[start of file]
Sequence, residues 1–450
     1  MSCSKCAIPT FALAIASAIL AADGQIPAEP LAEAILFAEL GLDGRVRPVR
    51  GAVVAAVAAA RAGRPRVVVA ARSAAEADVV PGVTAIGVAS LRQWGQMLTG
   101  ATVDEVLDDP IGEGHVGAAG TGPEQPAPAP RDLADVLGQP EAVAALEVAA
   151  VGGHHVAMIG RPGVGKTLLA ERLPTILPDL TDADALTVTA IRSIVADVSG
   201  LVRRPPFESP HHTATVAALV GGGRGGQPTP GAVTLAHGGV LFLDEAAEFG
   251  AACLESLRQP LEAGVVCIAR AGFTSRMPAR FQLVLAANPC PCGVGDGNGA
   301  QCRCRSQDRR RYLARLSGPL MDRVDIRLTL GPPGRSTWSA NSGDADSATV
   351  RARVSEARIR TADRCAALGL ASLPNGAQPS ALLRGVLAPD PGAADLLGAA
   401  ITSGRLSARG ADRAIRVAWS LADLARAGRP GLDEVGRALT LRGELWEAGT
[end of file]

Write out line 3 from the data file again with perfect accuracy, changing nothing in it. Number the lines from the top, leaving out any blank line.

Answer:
    51  GAVVAAVAAA RAGRPRVVVA ARSAAEADVV PGVTAIGVAS LRQWGQMLTG